Bitter Bite(Elemental Assassin #14)(3) by Jennifer Estep
He was certainly right about that. The other bosses were plotting against me, and many of the city’s criminals were waiting to see how my underworld reign played out—or how short-lived it might be—before they officially took sides. Still, it was kind of sad when even the local grave robbers didn’t respect you.
I opened my mouth to tell them to stop being idiots, but Don kept on talking.
“Enough chitchat. It’s freezing out here, and we need to get to work, which means that your time is up. But since you found that box for us, I’ll offer you a deal. Turn around, and I’ll whack you on the back of the head.” Don swung his shovel in a vicious arc. “You won’t even know what hit you. I’ll even plant you in that grave, so you get some kind of proper burial.”
I palmed the silverstone knife hidden up my right sleeve and flashed it at them. “As charming as your offer is, I’m going to have to decline.”
Ethel glared at me. “So that’s how it is, then?”
“That’s how it always is with me.”
The two dwarves looked at each other, raised their shovels, and charged at me. I reached for my Stone magic, hardening my body again, then surged forward to meet them.
I sidestepped Ethel and sliced my knife across Don’s chest, but he was wearing so many puffy layers that it was like cutting into a marshmallow. I slashed through his down vest, and tiny white feathers exploded in my face, momentarily blinding me and making me sneeze.
Don yelped in surprise and staggered back. I sneezed again and went after him—
A shovel slammed into my shoulder, spinning me around. But since I was still holding on to my Stone magic, the shovel bounced off my body instead of cracking all the bones in my arm.
I blinked away the last of the feathers to find Ethel glaring at me again.
“Look at that gray glow to her eyes,” she huffed. “She’s a Stone elemental. We’ll have to beat her to death to put her down for good.”
Don brightened, his blue eyes twinkling in his face and adding to the Santa Claus illusion. “Why, it’ll be just like our honeymoon all over again,” he crooned. “Remember robbing that cemetery up in Cloudburst Falls, hon?”
The two of them smiled at each other for a moment before coming at me again. Well, at least they still did things together.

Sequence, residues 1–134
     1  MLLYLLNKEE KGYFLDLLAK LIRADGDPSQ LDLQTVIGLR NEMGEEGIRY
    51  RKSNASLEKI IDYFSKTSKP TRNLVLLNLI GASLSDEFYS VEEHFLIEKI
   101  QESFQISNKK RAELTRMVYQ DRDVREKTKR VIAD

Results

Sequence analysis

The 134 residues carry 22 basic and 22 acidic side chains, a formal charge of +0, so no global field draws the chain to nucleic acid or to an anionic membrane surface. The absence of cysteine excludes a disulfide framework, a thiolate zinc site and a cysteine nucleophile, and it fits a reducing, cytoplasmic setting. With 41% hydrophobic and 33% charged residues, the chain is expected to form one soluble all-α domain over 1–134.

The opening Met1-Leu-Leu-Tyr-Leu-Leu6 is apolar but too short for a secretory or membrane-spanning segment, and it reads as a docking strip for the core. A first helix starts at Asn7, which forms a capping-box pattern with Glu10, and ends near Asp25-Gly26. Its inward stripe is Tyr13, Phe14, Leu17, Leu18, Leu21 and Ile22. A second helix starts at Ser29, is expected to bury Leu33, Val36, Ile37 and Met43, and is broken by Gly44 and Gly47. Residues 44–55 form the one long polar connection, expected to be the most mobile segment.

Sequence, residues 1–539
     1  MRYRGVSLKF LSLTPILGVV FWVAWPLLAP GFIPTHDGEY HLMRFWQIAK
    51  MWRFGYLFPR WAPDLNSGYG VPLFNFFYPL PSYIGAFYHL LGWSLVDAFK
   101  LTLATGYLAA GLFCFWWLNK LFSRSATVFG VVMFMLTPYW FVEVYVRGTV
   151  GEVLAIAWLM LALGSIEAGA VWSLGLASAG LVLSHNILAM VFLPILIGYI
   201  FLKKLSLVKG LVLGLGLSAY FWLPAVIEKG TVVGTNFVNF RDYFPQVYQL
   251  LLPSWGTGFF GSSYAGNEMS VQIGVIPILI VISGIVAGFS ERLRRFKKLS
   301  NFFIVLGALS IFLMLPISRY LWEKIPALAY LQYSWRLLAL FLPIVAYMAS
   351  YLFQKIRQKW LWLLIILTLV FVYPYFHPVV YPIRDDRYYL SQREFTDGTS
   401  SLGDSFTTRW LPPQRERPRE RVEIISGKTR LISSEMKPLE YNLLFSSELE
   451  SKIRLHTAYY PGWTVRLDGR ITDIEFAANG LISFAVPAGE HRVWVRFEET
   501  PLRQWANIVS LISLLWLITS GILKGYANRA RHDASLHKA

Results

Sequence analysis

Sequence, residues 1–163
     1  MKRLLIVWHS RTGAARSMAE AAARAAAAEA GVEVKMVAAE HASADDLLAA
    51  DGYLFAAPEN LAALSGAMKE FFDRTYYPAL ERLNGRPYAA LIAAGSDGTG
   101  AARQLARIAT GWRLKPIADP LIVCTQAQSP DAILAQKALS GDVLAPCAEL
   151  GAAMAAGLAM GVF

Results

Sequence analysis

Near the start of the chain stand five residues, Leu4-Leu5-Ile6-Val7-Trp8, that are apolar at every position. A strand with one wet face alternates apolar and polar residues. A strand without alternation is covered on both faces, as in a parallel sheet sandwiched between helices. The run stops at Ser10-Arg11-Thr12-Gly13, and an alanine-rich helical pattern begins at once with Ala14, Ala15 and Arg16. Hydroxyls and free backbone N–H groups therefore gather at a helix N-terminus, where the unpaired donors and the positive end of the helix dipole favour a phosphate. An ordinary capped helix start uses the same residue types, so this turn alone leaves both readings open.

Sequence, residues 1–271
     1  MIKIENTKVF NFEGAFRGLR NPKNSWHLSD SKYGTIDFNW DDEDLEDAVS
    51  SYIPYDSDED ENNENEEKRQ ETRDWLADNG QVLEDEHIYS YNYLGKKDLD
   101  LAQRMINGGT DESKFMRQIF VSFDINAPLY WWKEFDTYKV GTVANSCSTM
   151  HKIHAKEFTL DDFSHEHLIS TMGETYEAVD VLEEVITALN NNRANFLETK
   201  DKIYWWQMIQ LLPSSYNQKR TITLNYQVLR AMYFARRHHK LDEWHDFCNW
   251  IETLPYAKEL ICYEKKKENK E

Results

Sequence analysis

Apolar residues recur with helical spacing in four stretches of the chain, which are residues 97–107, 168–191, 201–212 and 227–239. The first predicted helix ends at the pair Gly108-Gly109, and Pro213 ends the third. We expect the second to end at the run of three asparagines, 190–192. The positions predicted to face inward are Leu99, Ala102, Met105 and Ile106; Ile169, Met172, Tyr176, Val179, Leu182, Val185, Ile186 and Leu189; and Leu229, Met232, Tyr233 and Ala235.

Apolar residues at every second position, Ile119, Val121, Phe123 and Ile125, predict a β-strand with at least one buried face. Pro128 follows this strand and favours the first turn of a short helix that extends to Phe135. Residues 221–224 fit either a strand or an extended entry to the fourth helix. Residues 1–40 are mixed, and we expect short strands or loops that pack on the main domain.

Instead of trying to saw through their winter clothes and their tough muscles underneath, I reached for my magic, raised my hand, and sent a spray of Ice daggers shooting out at them. Ethel threw herself down onto the ground, ducking out of the way of my chilly blast, but Don wasn’t as quick, and several long, sharp bits of Ice punch-punch-punched into his chest. But dwarves were strong, and he only grunted, more surprised than seriously injured. He did lose his grip on his shovel, which tumbled to the ground.
I dropped my knife, darted forward, and snatched up his shovel, since it was the better weapon in this instance. Then I drew back my arms and slammed the shovel into his head, as though his skull were a baseball that I was trying to hit out past center field.
Don stared at me, wobbling on his feet, his eyes spinning in their sockets. His dwarven musculature might be exceptionally tough and thick, but a cold metal shovel upside the head was more than enough to put a dent in his bowling ball of a skull. Still, it was just a dent, and he didn’t go down, so I hit him again.
And again and again, until the bones in his skull and face cracked, and blood started gushing down his head, face, and neck. A glassy sheen coated Don’s eyes, and he toppled over, more and more of his blood soaking into the frozen ground.
“Don!” Ethel wailed, realizing that he wasn’t ever going to get back up. “Don!” She tightened her grip on her shovel, scrambled back up onto her feet, and charged at me again. “You bitch!” she screamed. “I’ll kill you for this!”
Ethel stopped right in front of me and raised her shovel over her head, trying to build up enough momentum to smash through my Stone magic with one deathblow. But in doing so, she left herself completely open; it was easy enough for me to palm another knife, step forward, and bury the blade in her throat.
Ethel’s eyes bulged, and blood bubbled up out of her lips. She coughed, the warm drops of her blood stinging my cheeks like the snowflakes had earlier. I yanked my knife out of her throat, doing even more damage, but Ethel wasn’t ready to give up just yet. She staggered forward and raised her shovel even higher, still trying to gather herself for that one deadly strike.
The shovel slipped from her hands, and her body sagged and pitched forward. She landed facedown in the mound of loose earth that I’d dug up, as though it were a giant pillow she was plopping down on. Well, I supposed that was one way to take a dirt nap.
While I caught my breath, I watched and waited. More and more blood poured out from the dwarves’ wounds, but Don and Ethel didn’t move or stir. They were as dead as the rest of the folks here.
So I retrieved my first knife from the ground, wiped Ethel’s blood off the second one, and tucked both of my weapons back up my sleeves. I looked and listened, but the night was still and quiet again. No one was coming to investigate. The cemetery was located off by itself on one of the many mountain ridges that cut through Ashland, and I doubted that the sounds of our fight had been loud enough to attract any attention. Still, I needed to do something with the bodies. I didn’t want anyone to know that I had been here, much less whose grave I had been digging up.
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